The soy complex closed higher with May Soybeans at USD9.52, up 9 ½ cents; May Soybean Meal at USD270.90, up USD5.00/ton and May Soybean Oil at USD38.95, up 25 points. With the harvest in Argentina just getting going, dockers in the major exporting port of San Martin have timed their strike action well. News that the police have closed the main access road into the docks was supportive for US beans. Analyst estimates for Wednesday's planting intentions report average 78.55 million acres for soybeans, with a range of 77.43 to 79.50 acres. The USDA projected plantings at 77 million acres at their Outlook Forum in February. Stocks are expected to come in at 1.207 billion bushels.
Futures just about managed to close in positive territory with May ending at USD3.56 ¼, up 1 ¼ cents and December at USD3.85 ½, up ¾ cent. Analysts estimates for the planting intentions report peg US corn acreage at 88.94 million acres with a broad looking range of 87 to 90.15 million acres. The USDA projected sowings of 89 million acres at their Outlook Forum in February. Stocks are expected to come in at 7.505 billion bushels. "Strong warming and sunshine next week will encourage rapid drying in the Upper Midwest. Not much rainfall is in the forecast either, just a light showers on the weekend. With steadily warming temperatures in April, soggy fields may dry out in time for corn seeding May 1," says Gail Martell of Martell Crop Projections.
May CBOT Wheat closed at USD4.64 ¾, down 1 ¾ cents; May KCBT Wheat at USD4.75 ½, down 1 ¼ cents; May MGEX Wheat at USD4.97, down ¾ cent. Wheat futures finished around 18 cents down on the week, as the US continues to lose out on exports, setting fresh contract lows. Analysts estimates for the planting intentions report peg US all wheat acreage at 53.33 million acres with a range of 51.9 to 54.9 million acres. The average estimate represents a decrease of almost 10% on last year's 59.13 million acres. Stocks are expected to come in at 1.364 billion bushels. "A year-long drought in Western Canada threatens to reduce the 2010 spring wheat production in Alberta, which is Canada’s second largest wheat province behind Saskatchewan, growing roughly 38% of the nation's hard red spring wheat," says Gail Martell of Martell Crop Projections.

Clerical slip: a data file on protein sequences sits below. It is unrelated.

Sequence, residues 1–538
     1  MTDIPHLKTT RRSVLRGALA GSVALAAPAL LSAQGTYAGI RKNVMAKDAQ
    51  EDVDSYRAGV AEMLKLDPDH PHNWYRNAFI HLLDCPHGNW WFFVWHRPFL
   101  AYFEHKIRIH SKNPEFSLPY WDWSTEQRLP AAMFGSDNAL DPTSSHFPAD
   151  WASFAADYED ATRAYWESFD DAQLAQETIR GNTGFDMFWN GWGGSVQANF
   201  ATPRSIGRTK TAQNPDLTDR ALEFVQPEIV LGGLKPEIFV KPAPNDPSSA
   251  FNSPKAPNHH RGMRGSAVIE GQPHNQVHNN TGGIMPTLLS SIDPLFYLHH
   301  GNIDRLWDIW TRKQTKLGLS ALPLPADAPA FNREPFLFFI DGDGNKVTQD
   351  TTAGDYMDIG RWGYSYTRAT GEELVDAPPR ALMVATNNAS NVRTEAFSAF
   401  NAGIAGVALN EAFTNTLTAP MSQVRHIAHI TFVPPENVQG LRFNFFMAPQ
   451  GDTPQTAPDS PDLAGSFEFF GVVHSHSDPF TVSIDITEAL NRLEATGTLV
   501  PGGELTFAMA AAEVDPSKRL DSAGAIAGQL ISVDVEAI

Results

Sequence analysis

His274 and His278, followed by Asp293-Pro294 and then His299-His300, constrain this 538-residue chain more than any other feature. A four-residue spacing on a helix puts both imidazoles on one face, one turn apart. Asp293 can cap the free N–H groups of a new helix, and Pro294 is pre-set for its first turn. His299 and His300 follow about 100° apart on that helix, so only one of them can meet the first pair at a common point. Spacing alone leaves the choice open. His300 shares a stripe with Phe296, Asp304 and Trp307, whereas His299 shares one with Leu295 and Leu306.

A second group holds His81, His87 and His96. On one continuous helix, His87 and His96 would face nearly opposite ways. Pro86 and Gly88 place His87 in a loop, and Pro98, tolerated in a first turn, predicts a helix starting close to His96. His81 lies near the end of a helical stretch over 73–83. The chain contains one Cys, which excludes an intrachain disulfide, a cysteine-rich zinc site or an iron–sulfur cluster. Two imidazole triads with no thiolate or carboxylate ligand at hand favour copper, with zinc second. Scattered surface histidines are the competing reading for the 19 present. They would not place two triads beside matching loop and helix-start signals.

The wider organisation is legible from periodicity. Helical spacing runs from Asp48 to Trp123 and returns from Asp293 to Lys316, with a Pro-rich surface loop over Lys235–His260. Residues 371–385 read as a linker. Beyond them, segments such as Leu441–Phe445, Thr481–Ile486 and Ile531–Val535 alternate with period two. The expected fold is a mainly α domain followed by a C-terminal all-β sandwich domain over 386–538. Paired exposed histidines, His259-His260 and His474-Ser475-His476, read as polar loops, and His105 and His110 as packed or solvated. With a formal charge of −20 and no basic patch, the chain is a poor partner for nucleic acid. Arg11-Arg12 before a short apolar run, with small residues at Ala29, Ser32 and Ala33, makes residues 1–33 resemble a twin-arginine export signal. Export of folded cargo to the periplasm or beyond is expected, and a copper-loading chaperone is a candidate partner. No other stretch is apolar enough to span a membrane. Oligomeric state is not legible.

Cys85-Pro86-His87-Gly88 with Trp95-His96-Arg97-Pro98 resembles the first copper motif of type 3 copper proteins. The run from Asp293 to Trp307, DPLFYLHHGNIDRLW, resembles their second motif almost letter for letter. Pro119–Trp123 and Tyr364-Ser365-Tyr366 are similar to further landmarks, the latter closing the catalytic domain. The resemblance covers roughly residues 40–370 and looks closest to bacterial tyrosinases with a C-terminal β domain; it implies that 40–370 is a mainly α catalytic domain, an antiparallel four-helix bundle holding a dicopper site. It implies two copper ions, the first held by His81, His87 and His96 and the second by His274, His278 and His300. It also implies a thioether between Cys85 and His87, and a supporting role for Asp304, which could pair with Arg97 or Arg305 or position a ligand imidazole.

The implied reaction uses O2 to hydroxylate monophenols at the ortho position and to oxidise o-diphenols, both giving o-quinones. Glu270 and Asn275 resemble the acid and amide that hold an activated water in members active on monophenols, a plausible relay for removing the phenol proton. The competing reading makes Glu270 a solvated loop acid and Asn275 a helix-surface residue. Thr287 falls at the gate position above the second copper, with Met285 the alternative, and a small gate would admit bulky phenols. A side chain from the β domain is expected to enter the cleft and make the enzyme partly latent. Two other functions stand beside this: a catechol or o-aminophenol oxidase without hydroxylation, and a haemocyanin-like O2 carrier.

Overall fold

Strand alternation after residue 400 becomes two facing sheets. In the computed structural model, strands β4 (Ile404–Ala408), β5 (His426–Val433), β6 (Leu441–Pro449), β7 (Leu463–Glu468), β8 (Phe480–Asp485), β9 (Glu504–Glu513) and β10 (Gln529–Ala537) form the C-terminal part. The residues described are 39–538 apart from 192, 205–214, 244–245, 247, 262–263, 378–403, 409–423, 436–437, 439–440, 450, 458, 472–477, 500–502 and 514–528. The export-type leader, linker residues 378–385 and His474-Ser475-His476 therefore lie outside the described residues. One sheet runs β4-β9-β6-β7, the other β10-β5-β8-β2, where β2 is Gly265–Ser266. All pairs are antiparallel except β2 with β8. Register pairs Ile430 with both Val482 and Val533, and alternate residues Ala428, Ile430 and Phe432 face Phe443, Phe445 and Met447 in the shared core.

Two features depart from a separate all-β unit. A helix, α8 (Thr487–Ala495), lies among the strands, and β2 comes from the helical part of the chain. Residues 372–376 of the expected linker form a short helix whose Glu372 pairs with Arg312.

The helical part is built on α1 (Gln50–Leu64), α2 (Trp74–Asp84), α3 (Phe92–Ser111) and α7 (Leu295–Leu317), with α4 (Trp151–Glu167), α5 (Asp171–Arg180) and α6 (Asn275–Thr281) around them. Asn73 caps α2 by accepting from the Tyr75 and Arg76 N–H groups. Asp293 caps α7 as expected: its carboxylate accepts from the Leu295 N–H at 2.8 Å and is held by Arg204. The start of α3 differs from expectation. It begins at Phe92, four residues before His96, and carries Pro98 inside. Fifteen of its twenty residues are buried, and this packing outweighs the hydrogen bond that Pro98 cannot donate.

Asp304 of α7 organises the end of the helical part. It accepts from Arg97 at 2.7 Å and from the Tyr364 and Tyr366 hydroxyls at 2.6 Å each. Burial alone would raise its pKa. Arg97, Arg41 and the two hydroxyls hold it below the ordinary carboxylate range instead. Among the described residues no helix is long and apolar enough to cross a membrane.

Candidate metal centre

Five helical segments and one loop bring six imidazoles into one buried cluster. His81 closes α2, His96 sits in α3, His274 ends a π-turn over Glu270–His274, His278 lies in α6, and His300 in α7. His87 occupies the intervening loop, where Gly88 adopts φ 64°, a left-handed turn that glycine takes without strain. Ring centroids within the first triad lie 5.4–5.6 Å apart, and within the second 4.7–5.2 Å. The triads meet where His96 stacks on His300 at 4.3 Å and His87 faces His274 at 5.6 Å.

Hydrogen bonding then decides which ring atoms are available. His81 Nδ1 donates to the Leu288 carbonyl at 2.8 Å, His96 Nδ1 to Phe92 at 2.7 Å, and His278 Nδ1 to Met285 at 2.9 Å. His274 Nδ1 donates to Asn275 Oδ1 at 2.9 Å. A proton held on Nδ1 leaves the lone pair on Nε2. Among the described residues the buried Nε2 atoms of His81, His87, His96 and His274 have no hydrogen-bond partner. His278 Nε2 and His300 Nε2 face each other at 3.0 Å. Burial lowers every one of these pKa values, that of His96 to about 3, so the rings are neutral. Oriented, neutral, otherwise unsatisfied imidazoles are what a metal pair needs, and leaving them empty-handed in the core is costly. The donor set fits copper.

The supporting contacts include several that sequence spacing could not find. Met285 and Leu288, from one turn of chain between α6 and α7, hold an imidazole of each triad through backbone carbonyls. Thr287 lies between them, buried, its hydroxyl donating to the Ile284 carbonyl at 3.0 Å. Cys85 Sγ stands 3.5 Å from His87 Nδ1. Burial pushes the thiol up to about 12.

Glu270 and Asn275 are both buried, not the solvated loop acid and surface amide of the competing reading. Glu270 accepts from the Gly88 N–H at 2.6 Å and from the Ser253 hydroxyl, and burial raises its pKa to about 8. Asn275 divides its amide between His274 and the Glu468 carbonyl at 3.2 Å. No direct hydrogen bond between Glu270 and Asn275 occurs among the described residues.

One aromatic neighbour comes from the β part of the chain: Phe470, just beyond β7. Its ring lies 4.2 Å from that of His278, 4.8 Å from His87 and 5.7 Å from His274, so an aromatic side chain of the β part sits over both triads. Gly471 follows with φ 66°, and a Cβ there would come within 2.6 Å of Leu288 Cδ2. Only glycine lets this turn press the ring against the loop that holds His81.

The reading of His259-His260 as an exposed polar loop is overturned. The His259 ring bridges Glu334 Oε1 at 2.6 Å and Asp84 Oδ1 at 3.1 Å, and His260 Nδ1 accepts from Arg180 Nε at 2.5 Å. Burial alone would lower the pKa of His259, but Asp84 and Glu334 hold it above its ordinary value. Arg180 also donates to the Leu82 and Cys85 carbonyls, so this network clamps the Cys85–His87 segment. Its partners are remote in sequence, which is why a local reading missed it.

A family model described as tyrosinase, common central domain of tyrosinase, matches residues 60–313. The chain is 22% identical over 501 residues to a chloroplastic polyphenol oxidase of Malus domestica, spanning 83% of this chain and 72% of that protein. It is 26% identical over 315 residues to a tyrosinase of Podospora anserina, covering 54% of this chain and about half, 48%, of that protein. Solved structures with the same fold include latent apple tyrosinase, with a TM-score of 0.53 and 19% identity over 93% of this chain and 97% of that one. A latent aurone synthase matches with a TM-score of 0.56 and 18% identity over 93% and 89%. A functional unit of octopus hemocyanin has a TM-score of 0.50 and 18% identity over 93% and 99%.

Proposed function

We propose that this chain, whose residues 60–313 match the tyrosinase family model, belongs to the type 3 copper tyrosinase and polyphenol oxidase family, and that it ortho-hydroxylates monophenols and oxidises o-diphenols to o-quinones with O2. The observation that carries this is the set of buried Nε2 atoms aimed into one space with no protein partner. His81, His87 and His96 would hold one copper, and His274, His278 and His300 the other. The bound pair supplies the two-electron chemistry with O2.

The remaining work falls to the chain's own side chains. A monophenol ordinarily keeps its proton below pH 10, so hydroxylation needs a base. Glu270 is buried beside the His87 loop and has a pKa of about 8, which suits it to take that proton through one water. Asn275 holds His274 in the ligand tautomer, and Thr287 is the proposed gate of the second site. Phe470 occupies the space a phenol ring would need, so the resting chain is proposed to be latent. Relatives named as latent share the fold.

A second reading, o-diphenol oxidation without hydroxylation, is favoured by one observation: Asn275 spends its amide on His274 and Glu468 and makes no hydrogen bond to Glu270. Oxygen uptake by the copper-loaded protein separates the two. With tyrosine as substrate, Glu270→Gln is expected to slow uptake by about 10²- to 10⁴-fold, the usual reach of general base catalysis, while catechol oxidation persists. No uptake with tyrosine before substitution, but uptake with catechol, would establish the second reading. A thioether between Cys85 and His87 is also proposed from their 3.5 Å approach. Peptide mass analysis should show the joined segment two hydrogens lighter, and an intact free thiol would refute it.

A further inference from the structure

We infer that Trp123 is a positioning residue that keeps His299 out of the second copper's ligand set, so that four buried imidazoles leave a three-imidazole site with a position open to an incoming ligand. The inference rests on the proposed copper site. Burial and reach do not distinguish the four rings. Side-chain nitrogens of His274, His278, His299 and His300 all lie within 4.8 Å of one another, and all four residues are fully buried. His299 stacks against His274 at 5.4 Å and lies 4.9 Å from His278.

EU wheat futures closed higher Friday with May London feed wheat ending up GBP1.40 at GBP97.40/tonne and May Paris milling wheat up EUR0.25 at EUR125.75/tonne.
Farmers remain reluctant sellers, and are bow starting to busy themselves on the land as the weather finally warms up.
Coceral pegged EU-27 soft wheat production only modestly higher for 2010 at 133.1 MMT, 1 MMT lower than Strategie Grains recent estimated.
UK output is seen at 15.7 MMT, up from 14.3 MMT in 2009, whilst French production is seen slightly lower than last season at 38.3 MMT with Germany seeing a crop broadly unchanged at 25.2 MMT.
Overall the numbers are perhaps a little lower than they might have been.
For the record, barley production is seen down around 5.5 MMT to 56.6 MMT, being overtaken by corn as the EU's second largest grain crop with output there seen at 57.5 MMT.
Whilst Chicago wheat was setting fresh contract lows in the US, there isn't maybe any need for EU futures to follow America's lead with prices here already competitive with the Black Sea.
This has been adequately highlighted by EU wheat sales to all sorts of unusual destinations in the past couple of weeks.
Maybe nine months of being in the driving seat has tired the Russians and Ukrainians out?
This is an edited version of what was originally posted around lunchtime on Friday. No I hadn't been drinking, at least not at that point. Coceral's original press release was subsequently re-issued with some slighly different numbers. Their original EU-27 wheat production figure of 135.5 MMT was incorrect. Numpties. Here we go with the ammended version....
Coceral say that the EU-27 will produce 133.1 MMT of soft wheat in 2010, up 1.8% on last season's 130.7 MMT. Their estimate is 1 MMT lower than the latest forecast from French analysts Strategie Grains.
Durum wheat production will come in at 7.8 MMT this year say Coceral, giving us an EU-27 all wheat output of 140.9 MMT, 1.7 MMT up on last year's 139.2 MMT.
Barley production will fall almost 9%, or 5.4 MMT to 56.6 MMT, they say. Meanwhile corn output will increase slightly to 57.5 MMT.
For the record they see UK wheat production at 15.7 MMT, which is around 300,000 MT less than Strategie Grains, although 1.4 MMT or almost 10% up on last year.